What we're watching – Ollie rejoins the Mets

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– Oliver Perez makes his much-anticipated return to the rotation versus
the Dodgers. Of course, most of the anticipation comes from National
League hitters, rather than Mets fans. Perez had a 9.97 ERA in five
starts before the Mets shelved him for nine weeks with a knee injury.
The left-hander had a 3.12 ERA in four rehab starts, but his one
particularly strong effort came in the short-season New York-Penn
League. Overall, he allowed 17 hits and walked 11 in 17 1/3 innings.
The Dodgers will throw Hiroki Kuroda.

– Both failed last time out, but Zack Greinke and Tim Wakefield will
again have chances to become the AL’s first 11-game winners tonight.
Wakefield has the advantage of facing an A’s team that’s 12th in the AL
in runs, 13th in OBP and dead last in slugging. Greinke, though, has
already manhandled his opponent, Detroit, twice this season, throwing a
pair of compete games that resulted in identical 6-1 victories. He’s
10-4 with a 2.69 ERA lifetime against the Tigers.

Game of the Night

Texas vs. L.A. Angels – The Rangers and Angels entered the
three-game series with identical records, and nothing has been decided
through two games, as the Rangers were able to bounce back from a 9-4
defeat to win 8-5 on Tuesday. Tonight’s matchup is made more
interesting in that both starters are dealing with questions about
their arms at the moment. Vicente Padilla will work on eight days’ rest
after complaining of shoulder soreness. He lost to the Angels after
giving up five runs and two homers over five innings on June 29. Ervin
Santana and his still iffy elbow ligament will face the Rangers for the
first time this season. He lost Friday in his return from the DL,
leaving him 1-4 with a 7.43 ERA in seven starts for the season. The
Angels will probably be without the services of Vladimir Guerrero after
he suffered a strained leg muscle last night.

Twins place Miguel Sano on the 10-day disabled list with shin injury

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The Twins have placed third baseman Miguel Sano on the 10-day disabled list with a stress reaction in his left shin, per the Star Tribune’s LaVelle E. Neal. Sano left Saturday’s game against the Diamondbacks after running out a ground ball double play in the fourth inning and was held out of Sunday’s lineup.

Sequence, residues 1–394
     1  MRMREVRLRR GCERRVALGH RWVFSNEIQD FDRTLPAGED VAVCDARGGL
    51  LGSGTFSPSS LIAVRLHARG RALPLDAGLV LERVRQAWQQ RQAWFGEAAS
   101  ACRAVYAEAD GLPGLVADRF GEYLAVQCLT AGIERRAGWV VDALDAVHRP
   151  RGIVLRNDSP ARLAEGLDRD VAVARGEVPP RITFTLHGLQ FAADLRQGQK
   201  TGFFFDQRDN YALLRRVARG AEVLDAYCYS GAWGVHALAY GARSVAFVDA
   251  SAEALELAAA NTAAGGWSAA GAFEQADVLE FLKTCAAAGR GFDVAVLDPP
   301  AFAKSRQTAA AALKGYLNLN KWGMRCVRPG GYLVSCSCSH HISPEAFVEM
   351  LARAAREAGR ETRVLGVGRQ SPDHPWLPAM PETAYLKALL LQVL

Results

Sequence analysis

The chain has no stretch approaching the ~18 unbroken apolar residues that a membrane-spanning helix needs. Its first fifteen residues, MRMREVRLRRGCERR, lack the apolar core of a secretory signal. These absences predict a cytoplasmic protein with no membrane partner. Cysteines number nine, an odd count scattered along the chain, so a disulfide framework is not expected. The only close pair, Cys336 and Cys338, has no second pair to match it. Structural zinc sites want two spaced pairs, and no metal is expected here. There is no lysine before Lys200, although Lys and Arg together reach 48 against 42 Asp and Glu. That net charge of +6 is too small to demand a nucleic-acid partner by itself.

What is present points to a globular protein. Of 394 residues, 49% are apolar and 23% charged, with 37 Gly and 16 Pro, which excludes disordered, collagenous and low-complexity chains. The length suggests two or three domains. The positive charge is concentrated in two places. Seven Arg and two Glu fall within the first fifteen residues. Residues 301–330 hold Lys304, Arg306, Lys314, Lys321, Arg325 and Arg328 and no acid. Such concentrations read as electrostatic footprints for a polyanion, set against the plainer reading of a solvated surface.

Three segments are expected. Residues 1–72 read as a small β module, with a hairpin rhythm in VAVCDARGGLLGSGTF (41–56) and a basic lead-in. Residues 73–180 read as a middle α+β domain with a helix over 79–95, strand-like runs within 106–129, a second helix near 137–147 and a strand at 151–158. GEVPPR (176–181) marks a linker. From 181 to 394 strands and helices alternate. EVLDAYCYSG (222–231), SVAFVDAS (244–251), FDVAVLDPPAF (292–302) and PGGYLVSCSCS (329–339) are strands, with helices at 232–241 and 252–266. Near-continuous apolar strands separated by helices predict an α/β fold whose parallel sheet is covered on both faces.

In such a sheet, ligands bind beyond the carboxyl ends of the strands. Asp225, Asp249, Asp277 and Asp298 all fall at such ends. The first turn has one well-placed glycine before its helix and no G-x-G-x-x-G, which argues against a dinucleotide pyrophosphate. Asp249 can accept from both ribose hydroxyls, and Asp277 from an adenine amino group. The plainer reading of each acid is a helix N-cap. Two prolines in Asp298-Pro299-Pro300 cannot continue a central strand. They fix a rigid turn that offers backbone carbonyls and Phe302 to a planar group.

Sano, 24, is batting .267/.356/.514 with 28 home runs and 77 RBI in 475 plate appearances this season. The Twins are five back of the Indians for first place in the AL Central and currently hold a tie with the Angels for the second Wild Card slot.

Ehire Adrianza got the start at third base during Sunday’s win and could handle the hot corner while Sano is out. Eduardo Escobar could also get some time at third.

Buster Posey thinks Hector Neris hit him on purpose

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Giants catcher Buster Posey was hit by a pitch in the bottom of the eighth inning during Sunday afternoon’s series finale against the Phillies. It was a first-pitch fastball from closer Hector Neris, who had just entered the game. The Giants then had the bases loaded, but Pablo Sandoval struck out to end the inning and the Giants went on to lose 5-2.

After the game, Posey said he thinks Neris hit him on purpose, per Henry Schulman of the San Francisco Chronicle. Posey thinks Neris thought he couldn’t get him out.

Per MLB.com’s Todd Zolecki, Neris said “absolutely not” when asked if he threw at Posey on purpose. The rest of the Phillies clubhouse, per Zolecki, “Say whaaat?!”

Here’s a link to the video of Posey getting hit. Now that we have automatic intentional walks, pitchers don’t even have to risk throwing four pitches wide of the strike zone to intentionally walk a hitter, so if Neris felt he couldn’t get Posey out, there was still no need to hit him. Furthermore, Neris isn’t going to hit Posey to load the bases and put the go-ahead run on first in a 4-2 ballgame. Sandoval has been a much worse hitter than Posey, for sure, but Neris would lose the platoon advantage if he felt like facing Sandoval instead, anyway.

Getting hit hurts, so it’s understandable Posey may have been salty in the moment. But after the game, when the pain has subsided and he’s had time to think over everything, there’s no way Posey should still come to the conclusion that Neris was trying to hit him on purpose.